Yes I think we are in agreement.

–LW

]]>Its true that if what you want to release is the histogram of the data itself (i.e. “1 copy of element A, 0 copies of element B, 0 copies of element C, 2 copies of element D”, etc…) that you are in trouble: this can’t be done privately without huge amounts of noise. This is by design — in fact, any method that lets you reconstruct this histogram too accurately is called “blatantly non private” (see, e.g. this paper, which pre-dated differential privacy http://dl.acm.org/citation.cfm?id=773173) — this is something that differential privacy protects against. What the lower bounds in the above paper show is that any algorithm that answers too many queries (of a type that includes marginals) to relative error o(1/sqrt{n}) allows an adversary to reconstruct the database almost exactly — and hence is not “private.”

So thats fair enough — if you want a summary of the data that captures everything you could compute from the data itself, you cannot do this with differential privacy. But often, you can still privately do whatever you would have used that data for. So in addition to computing all of the marginals, you can e.g. do empirical risk minimization, combinatorial optimization, compute the singular values and singular vectors of matrix valued data, and plenty of other things on high dimensional data. This is not to say that privacy is without cost — if you want to do these things to the same level of accuracy you could have done them non-privately, you will need more data. So I think one useful way of talking about this cost is in terms of how much larger your data set has to be before you can feasibly perform a task privately, as opposed to non-privately. In the “good” cases, this factor is only linear in the dimension of the data, but of course, in some settings, this may be unacceptably large.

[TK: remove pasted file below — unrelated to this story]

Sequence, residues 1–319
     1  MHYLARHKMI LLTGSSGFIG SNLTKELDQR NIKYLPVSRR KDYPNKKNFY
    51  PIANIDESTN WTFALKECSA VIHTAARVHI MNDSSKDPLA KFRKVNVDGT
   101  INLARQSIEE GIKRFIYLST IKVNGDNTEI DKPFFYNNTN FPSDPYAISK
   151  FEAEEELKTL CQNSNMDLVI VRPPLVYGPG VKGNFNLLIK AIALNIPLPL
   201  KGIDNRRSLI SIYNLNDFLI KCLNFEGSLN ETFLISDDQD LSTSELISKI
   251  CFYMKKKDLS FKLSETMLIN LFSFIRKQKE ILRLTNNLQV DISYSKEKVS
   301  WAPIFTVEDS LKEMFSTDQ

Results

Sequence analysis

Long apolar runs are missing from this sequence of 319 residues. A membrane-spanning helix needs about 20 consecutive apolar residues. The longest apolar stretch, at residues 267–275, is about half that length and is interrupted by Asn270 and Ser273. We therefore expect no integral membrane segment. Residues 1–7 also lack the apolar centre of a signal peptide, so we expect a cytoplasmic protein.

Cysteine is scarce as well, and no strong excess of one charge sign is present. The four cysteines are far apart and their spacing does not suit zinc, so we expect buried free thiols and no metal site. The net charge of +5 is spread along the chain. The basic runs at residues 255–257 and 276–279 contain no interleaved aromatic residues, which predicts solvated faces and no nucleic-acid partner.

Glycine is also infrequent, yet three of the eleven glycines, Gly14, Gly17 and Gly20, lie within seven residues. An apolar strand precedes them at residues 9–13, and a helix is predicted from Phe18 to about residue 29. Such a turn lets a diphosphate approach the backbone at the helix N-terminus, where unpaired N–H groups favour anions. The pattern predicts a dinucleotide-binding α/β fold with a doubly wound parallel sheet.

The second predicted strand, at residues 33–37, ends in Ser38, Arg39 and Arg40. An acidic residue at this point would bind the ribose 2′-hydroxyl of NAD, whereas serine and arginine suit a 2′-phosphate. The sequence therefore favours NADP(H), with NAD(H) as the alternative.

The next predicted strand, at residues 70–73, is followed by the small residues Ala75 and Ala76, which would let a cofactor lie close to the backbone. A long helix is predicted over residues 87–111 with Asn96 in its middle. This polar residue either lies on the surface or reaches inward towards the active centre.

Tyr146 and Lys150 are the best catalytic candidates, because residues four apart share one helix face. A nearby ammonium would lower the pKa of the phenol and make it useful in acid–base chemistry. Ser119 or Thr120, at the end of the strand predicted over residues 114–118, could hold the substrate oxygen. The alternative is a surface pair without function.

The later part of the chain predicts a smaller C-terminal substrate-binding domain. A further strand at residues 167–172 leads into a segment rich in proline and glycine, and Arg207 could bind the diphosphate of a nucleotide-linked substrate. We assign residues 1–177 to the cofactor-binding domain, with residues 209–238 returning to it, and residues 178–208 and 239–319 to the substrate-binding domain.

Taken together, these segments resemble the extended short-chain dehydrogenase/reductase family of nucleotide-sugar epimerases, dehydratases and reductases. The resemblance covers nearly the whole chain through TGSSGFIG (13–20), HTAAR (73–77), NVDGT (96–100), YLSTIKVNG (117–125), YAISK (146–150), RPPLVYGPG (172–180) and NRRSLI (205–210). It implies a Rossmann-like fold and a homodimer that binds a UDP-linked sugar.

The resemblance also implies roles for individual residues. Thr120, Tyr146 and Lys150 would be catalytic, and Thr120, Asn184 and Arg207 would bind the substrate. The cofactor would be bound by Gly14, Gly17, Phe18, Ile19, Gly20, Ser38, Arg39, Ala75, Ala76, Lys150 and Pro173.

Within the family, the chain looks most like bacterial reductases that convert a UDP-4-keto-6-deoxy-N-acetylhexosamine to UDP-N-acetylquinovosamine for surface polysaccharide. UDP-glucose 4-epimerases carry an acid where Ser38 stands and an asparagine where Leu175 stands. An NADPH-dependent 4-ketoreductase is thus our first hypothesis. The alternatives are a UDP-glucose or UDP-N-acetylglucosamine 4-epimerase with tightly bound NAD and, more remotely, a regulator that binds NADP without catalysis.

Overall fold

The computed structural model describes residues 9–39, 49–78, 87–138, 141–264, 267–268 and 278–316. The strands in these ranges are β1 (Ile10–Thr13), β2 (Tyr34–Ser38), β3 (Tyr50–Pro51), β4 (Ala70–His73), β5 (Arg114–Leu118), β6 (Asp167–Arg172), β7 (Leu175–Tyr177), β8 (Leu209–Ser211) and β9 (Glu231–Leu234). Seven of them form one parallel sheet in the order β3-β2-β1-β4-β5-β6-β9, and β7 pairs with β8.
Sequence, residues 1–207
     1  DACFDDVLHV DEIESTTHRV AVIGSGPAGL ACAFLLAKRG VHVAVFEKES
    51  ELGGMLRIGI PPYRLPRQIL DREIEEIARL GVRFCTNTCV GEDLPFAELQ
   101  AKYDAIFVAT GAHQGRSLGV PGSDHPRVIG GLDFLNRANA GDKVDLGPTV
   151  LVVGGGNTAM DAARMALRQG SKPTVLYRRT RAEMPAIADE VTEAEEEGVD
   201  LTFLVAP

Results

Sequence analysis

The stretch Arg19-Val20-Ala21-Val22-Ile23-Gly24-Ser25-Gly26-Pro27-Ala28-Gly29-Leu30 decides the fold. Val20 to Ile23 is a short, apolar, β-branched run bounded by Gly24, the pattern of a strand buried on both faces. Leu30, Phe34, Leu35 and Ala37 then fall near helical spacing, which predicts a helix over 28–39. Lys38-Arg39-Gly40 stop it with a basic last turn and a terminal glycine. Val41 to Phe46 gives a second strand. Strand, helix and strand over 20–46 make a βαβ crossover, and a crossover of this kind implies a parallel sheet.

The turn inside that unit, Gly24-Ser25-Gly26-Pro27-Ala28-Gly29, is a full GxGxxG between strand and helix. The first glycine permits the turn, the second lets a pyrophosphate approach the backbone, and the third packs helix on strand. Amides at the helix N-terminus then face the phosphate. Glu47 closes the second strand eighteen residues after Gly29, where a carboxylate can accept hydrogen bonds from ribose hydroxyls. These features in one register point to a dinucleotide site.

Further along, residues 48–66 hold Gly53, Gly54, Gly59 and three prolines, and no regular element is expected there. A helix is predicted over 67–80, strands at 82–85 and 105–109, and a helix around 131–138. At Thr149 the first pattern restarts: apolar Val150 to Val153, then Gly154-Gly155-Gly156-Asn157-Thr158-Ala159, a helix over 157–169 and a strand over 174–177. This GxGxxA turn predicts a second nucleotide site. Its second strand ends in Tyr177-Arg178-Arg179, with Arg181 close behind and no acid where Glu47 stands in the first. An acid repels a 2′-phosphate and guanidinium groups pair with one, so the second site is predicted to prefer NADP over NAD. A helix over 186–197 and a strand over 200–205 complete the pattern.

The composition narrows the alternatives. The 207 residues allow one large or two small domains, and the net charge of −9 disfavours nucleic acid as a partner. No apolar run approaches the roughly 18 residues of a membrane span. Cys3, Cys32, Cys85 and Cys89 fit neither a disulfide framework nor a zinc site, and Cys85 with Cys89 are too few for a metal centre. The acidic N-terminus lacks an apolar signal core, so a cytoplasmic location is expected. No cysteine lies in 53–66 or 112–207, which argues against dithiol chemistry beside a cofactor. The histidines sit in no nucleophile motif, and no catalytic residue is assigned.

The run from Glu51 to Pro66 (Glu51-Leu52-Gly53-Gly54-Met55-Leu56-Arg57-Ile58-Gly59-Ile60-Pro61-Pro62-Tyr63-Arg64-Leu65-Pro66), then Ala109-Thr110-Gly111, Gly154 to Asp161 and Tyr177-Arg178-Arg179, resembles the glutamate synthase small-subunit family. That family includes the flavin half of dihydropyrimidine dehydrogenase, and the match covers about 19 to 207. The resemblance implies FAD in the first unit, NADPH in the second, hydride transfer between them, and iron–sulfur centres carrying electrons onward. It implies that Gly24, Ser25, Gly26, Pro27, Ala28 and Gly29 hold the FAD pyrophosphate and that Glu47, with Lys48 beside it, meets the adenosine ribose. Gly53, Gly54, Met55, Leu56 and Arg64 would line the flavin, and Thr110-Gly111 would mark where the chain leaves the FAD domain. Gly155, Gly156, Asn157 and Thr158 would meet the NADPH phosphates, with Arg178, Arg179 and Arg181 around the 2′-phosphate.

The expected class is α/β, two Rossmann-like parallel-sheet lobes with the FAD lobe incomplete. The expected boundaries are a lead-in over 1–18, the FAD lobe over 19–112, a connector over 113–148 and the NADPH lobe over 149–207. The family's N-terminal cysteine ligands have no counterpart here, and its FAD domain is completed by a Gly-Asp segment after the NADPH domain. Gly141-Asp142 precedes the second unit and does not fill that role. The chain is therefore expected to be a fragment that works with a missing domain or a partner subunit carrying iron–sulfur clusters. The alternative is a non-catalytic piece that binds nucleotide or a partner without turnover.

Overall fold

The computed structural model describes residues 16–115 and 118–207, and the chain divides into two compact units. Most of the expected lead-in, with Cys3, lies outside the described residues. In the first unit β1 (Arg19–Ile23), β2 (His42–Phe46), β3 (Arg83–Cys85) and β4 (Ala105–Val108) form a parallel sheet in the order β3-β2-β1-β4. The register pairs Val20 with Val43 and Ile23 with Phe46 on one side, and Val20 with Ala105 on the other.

]]>Hi Aaron

Interesting point.

But how well can you preserve the entries of the table

(not just the marginals)?

Isn’t the L_1 distance between the

multinomials (the original and the released table)

going to be large when d is large?

__Larry

]]>Of course, what we can do in a computationally efficient way is another story: we do not have polynomial time algorithms that achieve the above bound. But this is a different issue than that differential privacy is too strong as an information theoretic constraint. The computational feasibility of differentially private analysis is still wide open for the most part, but the information theoretic bounds are what I would have considered extremely positive.

]]>Well there are lots of examples where you can achieve differential privacy and still have utility.

The simple example of estimating a mean on a bounded domain is such an example.

And there is no assumption about how the data were generated in that case.

Similarly, there are lots of papers on private data summaries, private classifiers etc.

So it clearly does preserve utility in many cases.

But then there are cases where it clearly does not work.

A high dimensional contingency table with manu zero counts is an example.

So I think it is very application dependent.

I did read The paper by Kifer and Machanavajjhala

and it was interesting but I do’t remember the details right now.

A few years ago Daniel Kifer and Ashwin Machanavajjhala wrote a paper called “No Free Lunch in Data Privacy”, which uses the eponymous No Free Lunch Theorem to argue that it is not possible to provide both privacy and utility without making assumptions about how the data are generated, at least as those things are (were?) usually defined.

One big impact here is that this seems to weaken the claim that we can provide privacy without making any assumptions about the data, because what is shown here is that if that’s the case, you will necessarily be compromising the utility of your data.

So, is DP too strong to do anything useful with? This seems to support that notion, though there may still be practical applications of the theory. Also, this does not exclude other possible notions of privacy, from which we can possibly recover routines for anonymizing data.

I should also say that I’m not an expert in the area either, so corrections are welcome.

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